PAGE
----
According to coach Nick Saban, people were saying the Crimson Tide were too young, too inexperienced and couldn't handle success. Now, fresh off a 41-14 rout of No. 8 Michigan last week in the Cowboys Classic, top-ranked Alabama is being projected as a repeat national champion by some experts. In an effort to deflect that kind of talk and downplay the Crimson Tide's move to No. 1 in both national polls as his team prepares for a visit from Western Kentucky on Saturday, Saban asked a rhetorical question Monday. "What's different? Nothing," Saban said. "We are still young, we are still inexperienced and we still have things to work on." Those things include deep pass coverage, as the Wolverines hit on throws of 72 and 44 yards, increased efficiency in the passing game and reducing penalties. Quarterback AJ McCarron was completed only 11-of-21 passes, although he averaged more than 18 yards per completion, and the Crimson Tide picked up an uncharacteristic seven penalties. Attention to detail has been one of the bedrocks in Saban's programs, regardless of where or who his teams play. It's why you see him air out players with his team comfortably leading, 31-0, in the first half, as was the case against Michigan. It's what he likes to call the process, and why Alabama is going to be a national championship contender for the foreseeable future. Talent plus coaching plus fretting over the smallest details equals a powerhouse program. "Successful teams are willing to do what unsuccessful teams aren't," Saban said. "That's what we need to prove, that we are ready to do in terms of how we go about each week, each game that we play and each challenge that we have." In other words, no slackers allowed. Which is only one reason why the Crimson Tide is going to be the big elephant lingering around the top of the college football world for a while.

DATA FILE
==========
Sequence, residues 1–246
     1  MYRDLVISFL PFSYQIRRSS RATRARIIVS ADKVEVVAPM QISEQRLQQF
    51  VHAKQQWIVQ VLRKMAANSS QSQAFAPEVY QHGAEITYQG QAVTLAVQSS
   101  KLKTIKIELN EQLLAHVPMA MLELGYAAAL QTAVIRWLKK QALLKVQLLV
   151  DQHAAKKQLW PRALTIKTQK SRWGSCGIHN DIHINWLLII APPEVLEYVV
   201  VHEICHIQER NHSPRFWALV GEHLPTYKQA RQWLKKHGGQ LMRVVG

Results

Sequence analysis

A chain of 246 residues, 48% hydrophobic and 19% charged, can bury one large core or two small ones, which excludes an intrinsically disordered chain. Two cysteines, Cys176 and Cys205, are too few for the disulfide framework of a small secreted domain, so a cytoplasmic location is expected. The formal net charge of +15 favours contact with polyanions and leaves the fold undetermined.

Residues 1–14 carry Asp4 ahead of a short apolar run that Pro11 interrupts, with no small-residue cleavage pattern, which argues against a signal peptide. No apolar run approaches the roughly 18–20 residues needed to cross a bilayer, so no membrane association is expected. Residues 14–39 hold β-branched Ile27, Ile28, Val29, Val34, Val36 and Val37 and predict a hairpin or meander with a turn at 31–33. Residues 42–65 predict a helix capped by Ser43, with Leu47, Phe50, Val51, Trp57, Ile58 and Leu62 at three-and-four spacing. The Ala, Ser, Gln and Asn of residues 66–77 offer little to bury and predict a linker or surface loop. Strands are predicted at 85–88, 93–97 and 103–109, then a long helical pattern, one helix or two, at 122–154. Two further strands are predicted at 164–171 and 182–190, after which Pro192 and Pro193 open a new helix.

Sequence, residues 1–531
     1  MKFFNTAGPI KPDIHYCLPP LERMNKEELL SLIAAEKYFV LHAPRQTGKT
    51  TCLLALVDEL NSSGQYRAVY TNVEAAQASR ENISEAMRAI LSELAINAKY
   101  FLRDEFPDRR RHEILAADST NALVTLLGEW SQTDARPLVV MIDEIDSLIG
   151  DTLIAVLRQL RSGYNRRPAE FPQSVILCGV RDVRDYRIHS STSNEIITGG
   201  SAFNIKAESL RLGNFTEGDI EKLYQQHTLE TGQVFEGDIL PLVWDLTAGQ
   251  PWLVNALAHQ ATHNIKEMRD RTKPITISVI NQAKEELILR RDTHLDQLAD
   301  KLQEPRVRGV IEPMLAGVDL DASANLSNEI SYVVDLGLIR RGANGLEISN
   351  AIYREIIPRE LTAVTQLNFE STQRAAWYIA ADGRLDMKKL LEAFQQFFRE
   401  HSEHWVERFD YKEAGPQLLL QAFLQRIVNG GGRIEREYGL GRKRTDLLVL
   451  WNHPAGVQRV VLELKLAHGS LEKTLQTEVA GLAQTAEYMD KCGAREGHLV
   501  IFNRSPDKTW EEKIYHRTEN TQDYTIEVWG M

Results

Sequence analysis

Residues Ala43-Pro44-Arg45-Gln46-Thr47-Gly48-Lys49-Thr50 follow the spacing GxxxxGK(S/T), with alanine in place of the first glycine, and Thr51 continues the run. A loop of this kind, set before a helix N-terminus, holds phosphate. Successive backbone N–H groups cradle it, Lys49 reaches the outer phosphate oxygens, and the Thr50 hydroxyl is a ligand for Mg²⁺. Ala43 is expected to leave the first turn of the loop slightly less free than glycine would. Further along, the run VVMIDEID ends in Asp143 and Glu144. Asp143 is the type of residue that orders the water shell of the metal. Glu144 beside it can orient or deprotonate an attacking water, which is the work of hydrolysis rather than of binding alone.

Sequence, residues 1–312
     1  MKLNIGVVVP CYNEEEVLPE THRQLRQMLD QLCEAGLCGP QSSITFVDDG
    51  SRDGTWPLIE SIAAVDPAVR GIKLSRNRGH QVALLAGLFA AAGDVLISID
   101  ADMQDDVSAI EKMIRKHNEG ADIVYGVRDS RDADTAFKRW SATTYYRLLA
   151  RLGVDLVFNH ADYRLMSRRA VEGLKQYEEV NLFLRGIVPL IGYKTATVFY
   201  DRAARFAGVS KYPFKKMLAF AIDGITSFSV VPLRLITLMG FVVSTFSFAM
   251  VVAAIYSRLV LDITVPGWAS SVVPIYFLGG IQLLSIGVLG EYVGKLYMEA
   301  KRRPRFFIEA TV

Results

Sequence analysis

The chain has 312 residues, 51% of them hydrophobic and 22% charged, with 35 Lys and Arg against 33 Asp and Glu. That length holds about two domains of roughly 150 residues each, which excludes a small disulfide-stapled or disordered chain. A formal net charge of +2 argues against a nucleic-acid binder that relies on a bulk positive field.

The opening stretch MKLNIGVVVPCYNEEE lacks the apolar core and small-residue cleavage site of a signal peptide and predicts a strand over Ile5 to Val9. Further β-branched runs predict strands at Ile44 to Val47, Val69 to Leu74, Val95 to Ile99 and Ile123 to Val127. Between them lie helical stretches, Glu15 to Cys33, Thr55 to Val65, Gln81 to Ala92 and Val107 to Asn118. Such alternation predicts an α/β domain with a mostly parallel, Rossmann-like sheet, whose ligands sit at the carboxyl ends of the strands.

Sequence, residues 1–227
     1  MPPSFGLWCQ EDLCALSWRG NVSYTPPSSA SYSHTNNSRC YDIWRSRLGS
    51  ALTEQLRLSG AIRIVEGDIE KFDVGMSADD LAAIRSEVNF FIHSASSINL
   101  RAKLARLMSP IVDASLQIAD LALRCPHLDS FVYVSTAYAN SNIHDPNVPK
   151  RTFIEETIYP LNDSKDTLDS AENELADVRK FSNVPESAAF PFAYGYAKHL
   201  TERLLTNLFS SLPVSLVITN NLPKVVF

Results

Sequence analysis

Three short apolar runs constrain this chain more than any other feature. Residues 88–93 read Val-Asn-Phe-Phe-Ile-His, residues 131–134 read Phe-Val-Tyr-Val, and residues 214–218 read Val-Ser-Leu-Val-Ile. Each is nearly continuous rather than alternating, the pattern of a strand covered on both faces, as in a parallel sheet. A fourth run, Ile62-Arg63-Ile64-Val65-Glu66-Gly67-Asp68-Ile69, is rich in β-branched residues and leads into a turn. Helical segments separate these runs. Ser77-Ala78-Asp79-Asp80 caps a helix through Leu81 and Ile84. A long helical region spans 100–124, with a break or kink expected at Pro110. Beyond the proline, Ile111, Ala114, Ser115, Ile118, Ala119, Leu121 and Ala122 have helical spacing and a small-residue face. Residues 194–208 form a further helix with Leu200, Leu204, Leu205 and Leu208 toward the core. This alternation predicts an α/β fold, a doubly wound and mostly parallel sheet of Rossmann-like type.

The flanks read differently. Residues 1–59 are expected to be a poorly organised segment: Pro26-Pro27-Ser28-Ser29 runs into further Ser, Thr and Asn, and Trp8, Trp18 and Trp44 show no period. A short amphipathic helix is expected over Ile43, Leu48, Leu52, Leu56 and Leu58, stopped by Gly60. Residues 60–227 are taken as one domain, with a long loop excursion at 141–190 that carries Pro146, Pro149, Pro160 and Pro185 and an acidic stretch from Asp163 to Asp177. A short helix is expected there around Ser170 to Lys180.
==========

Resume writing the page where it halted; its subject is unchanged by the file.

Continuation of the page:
- Nick Saban